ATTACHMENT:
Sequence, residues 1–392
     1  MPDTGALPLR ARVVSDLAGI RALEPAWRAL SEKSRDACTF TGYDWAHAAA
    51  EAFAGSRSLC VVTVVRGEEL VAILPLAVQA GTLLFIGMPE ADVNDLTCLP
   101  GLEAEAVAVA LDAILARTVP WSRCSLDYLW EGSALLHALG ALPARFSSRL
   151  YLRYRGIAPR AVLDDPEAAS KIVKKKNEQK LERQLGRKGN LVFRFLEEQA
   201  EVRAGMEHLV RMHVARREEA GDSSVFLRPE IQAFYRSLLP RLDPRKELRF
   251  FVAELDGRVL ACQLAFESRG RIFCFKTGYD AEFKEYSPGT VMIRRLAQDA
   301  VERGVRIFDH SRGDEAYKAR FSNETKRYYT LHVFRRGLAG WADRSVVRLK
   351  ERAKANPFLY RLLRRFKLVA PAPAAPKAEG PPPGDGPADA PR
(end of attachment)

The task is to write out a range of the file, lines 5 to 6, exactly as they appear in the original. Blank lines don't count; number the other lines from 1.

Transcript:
   151  YLRYRGIAPR AVLDDPEAAS KIVKKKNEQK LERQLGRKGN LVFRFLEEQA
   201  EVRAGMEHLV RMHVARREEA GDSSVFLRPE IQAFYRSLLP RLDPRKELRF